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As Borges lay dying his mind filled with images of lakes, of vast forests of spruce and pine, an enormous sky. He knew this was Finland, a country he had never visited, but which in these last years had been closer to his heart even than the streets of Buenos Aires in which he had grown up and about which he had written so much and so well. Lönnrot, he thought, and the figure of the poor tailor’s son who had risen to become the foremost collector of Finnish folk songs and tales, the Walter Scott, the Grimm Brothers, the Bartok of Karelia, passed before his mind’s eye, for it was in the pages of the Kalevala, that strange approximation to a national epic put together by Elias Lönnrot after years of wandering and collecting in the north-eastern region of his country, that he had encountered the landscape of Finland which had never afterwards left him and to which he returned again and again as he had once returned to the pampas and gauchos of his native land. He had been so taken by this strange man with his strange name that he had given it to the hero of one of the stories he felt proudest to have written, ‘Death and the Compass’.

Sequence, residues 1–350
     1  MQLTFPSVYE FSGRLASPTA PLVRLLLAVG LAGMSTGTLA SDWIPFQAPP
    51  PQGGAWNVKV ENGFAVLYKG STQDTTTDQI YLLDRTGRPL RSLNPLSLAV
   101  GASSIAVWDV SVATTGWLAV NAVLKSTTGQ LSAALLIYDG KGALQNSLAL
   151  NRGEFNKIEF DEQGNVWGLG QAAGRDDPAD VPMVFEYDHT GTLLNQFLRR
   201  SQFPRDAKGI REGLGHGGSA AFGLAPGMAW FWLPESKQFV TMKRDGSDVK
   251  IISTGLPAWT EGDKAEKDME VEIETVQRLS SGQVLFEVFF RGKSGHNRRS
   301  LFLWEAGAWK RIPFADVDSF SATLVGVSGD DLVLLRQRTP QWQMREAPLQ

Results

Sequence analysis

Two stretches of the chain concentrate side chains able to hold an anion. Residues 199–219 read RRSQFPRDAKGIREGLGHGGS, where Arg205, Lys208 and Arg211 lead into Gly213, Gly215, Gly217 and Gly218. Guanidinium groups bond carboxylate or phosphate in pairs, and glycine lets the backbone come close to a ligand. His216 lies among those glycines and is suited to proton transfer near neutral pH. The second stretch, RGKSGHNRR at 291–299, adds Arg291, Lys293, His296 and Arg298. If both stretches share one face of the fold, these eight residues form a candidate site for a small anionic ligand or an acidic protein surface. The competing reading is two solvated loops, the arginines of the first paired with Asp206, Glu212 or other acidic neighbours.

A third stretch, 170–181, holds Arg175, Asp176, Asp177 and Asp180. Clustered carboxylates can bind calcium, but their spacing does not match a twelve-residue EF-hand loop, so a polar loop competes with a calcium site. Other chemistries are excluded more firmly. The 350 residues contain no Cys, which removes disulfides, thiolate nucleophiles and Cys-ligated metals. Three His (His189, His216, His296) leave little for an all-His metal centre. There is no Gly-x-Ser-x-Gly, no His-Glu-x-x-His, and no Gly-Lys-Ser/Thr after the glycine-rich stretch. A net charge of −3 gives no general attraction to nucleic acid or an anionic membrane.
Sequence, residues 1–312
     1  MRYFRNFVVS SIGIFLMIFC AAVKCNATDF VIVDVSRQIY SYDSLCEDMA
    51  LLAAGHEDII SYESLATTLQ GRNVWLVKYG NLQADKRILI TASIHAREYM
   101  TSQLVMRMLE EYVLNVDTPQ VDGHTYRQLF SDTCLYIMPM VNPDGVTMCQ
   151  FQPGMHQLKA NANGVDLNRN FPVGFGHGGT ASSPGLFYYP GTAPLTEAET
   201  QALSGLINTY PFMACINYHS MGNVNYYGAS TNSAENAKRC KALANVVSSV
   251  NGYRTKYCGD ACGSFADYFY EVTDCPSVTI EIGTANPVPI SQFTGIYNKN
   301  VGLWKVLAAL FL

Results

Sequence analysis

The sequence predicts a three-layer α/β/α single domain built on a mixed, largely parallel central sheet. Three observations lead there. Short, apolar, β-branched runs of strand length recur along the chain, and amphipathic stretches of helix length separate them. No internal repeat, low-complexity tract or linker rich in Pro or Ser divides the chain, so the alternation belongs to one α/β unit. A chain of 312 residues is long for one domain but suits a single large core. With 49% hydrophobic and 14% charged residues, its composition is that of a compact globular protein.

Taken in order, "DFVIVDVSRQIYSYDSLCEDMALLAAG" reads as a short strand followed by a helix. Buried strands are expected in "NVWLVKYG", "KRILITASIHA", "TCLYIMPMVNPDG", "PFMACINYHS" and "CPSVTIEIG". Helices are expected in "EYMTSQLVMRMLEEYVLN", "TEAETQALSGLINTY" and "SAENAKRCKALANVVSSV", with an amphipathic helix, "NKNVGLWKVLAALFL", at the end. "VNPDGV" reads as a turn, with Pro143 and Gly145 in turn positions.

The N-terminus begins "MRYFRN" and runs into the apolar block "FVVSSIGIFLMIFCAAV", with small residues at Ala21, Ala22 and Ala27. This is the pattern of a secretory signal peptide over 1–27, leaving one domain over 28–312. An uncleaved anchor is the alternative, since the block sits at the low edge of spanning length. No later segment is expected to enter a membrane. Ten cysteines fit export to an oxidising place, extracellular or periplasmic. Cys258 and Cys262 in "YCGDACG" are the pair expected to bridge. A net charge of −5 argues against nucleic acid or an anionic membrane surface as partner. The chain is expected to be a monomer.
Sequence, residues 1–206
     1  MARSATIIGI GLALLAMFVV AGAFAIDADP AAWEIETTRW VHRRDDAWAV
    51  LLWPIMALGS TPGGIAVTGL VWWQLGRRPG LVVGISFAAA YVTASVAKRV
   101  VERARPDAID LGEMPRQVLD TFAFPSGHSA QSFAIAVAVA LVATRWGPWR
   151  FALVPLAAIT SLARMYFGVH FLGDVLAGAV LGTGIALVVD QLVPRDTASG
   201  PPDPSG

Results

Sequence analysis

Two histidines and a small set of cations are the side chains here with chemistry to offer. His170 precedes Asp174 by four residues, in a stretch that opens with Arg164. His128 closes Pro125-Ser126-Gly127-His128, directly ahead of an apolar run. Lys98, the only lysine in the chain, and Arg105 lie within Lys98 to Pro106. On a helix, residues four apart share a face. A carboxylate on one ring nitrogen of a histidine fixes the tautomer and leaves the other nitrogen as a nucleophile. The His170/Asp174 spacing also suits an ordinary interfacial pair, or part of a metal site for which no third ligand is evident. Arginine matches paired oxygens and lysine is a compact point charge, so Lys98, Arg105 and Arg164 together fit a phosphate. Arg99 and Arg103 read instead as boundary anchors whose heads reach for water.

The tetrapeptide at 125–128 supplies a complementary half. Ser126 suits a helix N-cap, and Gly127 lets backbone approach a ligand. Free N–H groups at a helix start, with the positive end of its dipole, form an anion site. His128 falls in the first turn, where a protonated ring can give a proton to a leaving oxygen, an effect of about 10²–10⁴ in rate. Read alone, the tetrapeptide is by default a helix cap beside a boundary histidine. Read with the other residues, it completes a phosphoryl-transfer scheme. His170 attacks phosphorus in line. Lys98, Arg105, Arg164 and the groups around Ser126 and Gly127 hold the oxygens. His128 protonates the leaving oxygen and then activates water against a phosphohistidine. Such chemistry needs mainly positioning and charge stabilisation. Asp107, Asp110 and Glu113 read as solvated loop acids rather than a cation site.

[private]At a meeting in an unnamed city of the Third Talmudic Congress, one of the delegates is found murdered in his room at the Hôtel du Nord. The local police chief. Inspector Treviranus, is in no doubt as to the cause of death: ’No need to look for a three-legged cat here,’ he says to his friend and rival, the amateur detective Erik Lönnrot, scourge of the local gangsters. ‘We all know that the Tetrarch of Galilee owns the finest sapphires in the world. Someone, intending to steal them, must have broken in here by mistake. Yarmolinsky got up; the robber had to kill him.’ ‘Possible, but not interesting,’ responds Lönnrot. ‘You’ll reply that reality has not the least obligation to be interesting. And I’ll answer you that reality may avoid that obligation but that hypotheses may not. In the hypothesis you propose, chance intervenes copiously. Here we have a dead rabbi; I would prefer a purely rabbinical explanation, not the imaginary mischances of an imaginary robber.’ Lönnrot’s intuition seems to be borne out by the discovery, in the rabbi’s typewriter, of a piece of paper on which is written: ‘The first letter of the Name has been uttered.’ Lönnrot takes away with him the dead man’s mystical and cabbalistic texts, and gives an interview to a Yiddish journal in which he lays out his hypotheses. Exactly one month later a Jewish hoodlum is found murdered in the Western suburbs, and next to his body the message: ‘The second letter of the Name has been uttered.’ One month after that a man is abducted from a rooming-house in the East of the city where for the past week he has been holed up under an assumed name. Again the message is found: ‘The third letter of the Name has been uttered.’ Are we dealing here with a campaign to terrify the country’s Jews or with some internecine Jewish struggle? Lönnrot is in no doubt that a fourth murder will be committed, since the Name is obviously the tetragrammaton, YHWH, and he predicts the time and place. Armed with a map and compass he makes his way to a mysterious abandoned house, a veritable labyrinth of rooms, corridors and staircases in the Southern sector of the city. There he is apprehended by the master criminal, Red Scharlach, who explains to him how, in revenge for Lönnrot’s role in the incarceration of his brother, he has set about entrapping him. The first crime was indeed an accident, as Inspector Treviranus had suggested: one of Scharlach’s men. David Simon Avezedo, having decided to double-cross the organisation and steal the jewels of the Tetrarch himself, and having blundered into the wrong room, was surprised by the rabbi, who had stayed up late to type out his notes for an essay he was writing on the names of God. He had no option but to kill him. Scharlach, learning through the papers of Lönnrot’s subtle hypothesis, and of the note found in the typewriter, decided it would be both poetic and expedient to kill two birds with one stone, He had the traitor murdered and clues left to led Lönnrot to the conclusion he wished him to arrive at; then he disguised himself and holed up in the rooming-house, from which he had his men ‘abduct’ him. ‘I interspersed repeated signs that would lead you, Lönnrot, the reasoner, to understand that the series was quadruple… I have premeditated everything, Erik Lönnrot, in order to attract you to the solitude of Triste-le-Roy.’ Then, taking careful aim, he fires the bullet which kills the sleuth.